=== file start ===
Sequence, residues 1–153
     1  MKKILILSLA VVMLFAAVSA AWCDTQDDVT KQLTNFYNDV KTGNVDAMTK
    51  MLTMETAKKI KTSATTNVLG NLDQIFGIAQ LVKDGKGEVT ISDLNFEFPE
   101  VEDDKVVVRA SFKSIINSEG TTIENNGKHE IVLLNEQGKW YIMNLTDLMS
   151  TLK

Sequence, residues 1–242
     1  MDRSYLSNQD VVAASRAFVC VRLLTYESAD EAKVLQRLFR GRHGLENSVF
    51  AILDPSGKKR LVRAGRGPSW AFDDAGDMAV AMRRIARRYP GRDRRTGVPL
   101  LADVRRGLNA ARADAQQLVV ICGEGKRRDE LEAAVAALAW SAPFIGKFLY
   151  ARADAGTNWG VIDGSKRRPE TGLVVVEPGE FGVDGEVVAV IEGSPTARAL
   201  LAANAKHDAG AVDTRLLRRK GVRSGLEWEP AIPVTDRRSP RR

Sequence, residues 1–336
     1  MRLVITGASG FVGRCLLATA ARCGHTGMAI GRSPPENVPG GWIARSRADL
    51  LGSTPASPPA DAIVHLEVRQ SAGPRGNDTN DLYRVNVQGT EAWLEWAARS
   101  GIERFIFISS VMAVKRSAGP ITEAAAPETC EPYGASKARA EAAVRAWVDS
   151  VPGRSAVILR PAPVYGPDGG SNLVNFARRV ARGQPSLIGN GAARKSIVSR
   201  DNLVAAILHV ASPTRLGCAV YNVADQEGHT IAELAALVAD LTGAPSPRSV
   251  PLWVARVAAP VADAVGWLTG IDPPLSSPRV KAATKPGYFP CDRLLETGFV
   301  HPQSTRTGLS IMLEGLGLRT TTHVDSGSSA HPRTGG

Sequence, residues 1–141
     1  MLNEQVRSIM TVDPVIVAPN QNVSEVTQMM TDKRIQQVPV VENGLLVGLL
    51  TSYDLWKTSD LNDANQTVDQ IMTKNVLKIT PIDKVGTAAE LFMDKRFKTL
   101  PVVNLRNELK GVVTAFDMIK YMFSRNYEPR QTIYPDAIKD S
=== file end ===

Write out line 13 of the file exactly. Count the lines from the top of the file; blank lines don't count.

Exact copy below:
     1  MRLVITGASG FVGRCLLATA ARCGHTGMAI GRSPPENVPG GWIARSRADL